I used a trailer for all of my European Tours and for Newfoundland and Labrador. I didn’t use one for any of my trips in the South, the West or Quebec because I have trimmed down the size and weight of what I carry when Touring. However, I will be using my trailer again for grocery runs now that the weather is better.
Let’s discuss when to use a trailer and what types of trailers work best for touring:
With gas prices up and a new grocery store only about three miles away, I’ve decided that using my bike for grocery shopping be a good idea. I’ll get the exercise, save on gas, and do some hauling with a load.
Today I installed my new cranks and idlers. Everything went very easy except I forgot how to open the SRAM Power Link Gold 9-speed Connector I use on my chains.
I had forgotten that the link needs to be both compressed and squeezed at the same time to open.
These Power Links are great to have on your chains. No more chain tool and spare pins, no more taking the chain apart several times to get it to move freely. These links if clean and you remember to squeeze in both directions at the same time just come apart with no hassle.
I initially worried that Power Links would weaken the chain but after about 30k miles using them I haven’t noticed any downside.
For about $4 each they are a great buy. Better still buy your new chains with them already installed.
5/12/09 Update: I can’t recommend this idler kit for the Slipstream. I have done a bit of riding with them now and have to say I am not impressed. The concept is good but the reality is increased noise and an idler that doesn’t seem to follow the chain line very well. This is an expensive upgrade without significant benefits.
TerraCycle offers a Longbikes Slipstream Idler Kit that looks very nicely made. It replaces the rubber idlers seen on most recumbents with coged idlers that have high quality bearings. TerraCycle claims that the better idlers provide improved efficiency and quieter operation. This improvement is not inexpensive, $154 for the kit.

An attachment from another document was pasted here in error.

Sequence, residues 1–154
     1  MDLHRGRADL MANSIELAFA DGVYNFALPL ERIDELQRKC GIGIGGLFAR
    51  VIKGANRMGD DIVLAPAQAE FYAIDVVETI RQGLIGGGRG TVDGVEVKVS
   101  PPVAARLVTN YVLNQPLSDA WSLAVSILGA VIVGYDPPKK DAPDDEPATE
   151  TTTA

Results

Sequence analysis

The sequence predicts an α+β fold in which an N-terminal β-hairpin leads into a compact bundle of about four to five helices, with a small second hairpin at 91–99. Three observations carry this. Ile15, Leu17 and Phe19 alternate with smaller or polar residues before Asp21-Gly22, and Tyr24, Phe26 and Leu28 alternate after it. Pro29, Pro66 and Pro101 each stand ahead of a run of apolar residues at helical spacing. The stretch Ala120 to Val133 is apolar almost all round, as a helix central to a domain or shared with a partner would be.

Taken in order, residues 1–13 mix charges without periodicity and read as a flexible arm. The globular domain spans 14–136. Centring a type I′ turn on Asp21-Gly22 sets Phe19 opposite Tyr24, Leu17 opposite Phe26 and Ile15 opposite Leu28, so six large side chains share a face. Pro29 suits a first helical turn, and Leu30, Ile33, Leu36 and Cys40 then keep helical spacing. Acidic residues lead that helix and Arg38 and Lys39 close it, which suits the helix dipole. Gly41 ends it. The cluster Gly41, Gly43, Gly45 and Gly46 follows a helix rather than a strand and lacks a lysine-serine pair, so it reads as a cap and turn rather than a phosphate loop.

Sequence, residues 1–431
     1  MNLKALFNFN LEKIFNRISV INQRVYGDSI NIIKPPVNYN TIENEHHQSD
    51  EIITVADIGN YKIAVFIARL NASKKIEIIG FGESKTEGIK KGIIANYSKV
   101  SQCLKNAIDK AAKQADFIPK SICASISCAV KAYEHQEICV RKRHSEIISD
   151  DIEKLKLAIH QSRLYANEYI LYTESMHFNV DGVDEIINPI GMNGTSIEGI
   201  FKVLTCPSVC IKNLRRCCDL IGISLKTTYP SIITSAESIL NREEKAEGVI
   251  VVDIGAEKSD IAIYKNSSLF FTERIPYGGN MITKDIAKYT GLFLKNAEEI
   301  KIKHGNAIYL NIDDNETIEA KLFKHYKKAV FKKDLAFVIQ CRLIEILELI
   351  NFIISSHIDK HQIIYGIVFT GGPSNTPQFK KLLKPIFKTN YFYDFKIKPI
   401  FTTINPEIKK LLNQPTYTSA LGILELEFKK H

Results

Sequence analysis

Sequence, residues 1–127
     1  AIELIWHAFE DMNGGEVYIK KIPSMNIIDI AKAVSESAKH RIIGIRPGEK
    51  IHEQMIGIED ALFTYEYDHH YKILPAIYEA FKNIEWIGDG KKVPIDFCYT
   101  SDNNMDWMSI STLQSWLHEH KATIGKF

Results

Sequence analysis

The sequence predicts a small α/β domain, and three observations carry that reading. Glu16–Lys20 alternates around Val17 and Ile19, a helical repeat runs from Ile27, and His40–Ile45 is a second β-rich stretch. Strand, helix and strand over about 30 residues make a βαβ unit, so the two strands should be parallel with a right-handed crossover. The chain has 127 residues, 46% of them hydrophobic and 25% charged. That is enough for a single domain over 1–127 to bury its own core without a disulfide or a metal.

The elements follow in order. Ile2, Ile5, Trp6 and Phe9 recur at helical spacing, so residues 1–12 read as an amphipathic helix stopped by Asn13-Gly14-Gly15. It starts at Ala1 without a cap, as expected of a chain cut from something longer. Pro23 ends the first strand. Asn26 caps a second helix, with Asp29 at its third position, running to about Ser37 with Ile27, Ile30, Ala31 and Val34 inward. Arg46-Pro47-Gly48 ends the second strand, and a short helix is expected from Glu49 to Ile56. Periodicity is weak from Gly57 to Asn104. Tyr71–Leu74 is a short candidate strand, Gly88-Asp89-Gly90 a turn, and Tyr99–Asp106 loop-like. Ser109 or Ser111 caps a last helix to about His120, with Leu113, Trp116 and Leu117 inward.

I agree with TerraCycle’s explanation of why good quality idlers are important but I am not sure how noticeable the improvement will be for most riders. I have ordered a Kit and will document my experience.
The kit is not easy to find at the TerraCycle web site, the link above will save you time finding it.
(more description of the kit and TerraCycle’s explanation of why high quality idlers are important follow)
I have my new shorter cranks but so far haven’t been able to get the Shimano HollowTech II cranks that I am replacing off. Every time I start this job I find that I am missing another tool. Here’s a nice set of instructions with a tool list so you won’t have the same problem.
Just be sure you have all of the tools they list as required before you start.
I have removed mine and it was as simple as the video shows once I had the tool to remove the caps. This is a beautifully designed set of cranks that is extremely easy to work on. I just wish they came in shorter lengths for recumbent riders.
Thanks to the folks at enduro fork seals .com for a very nice set of instructions.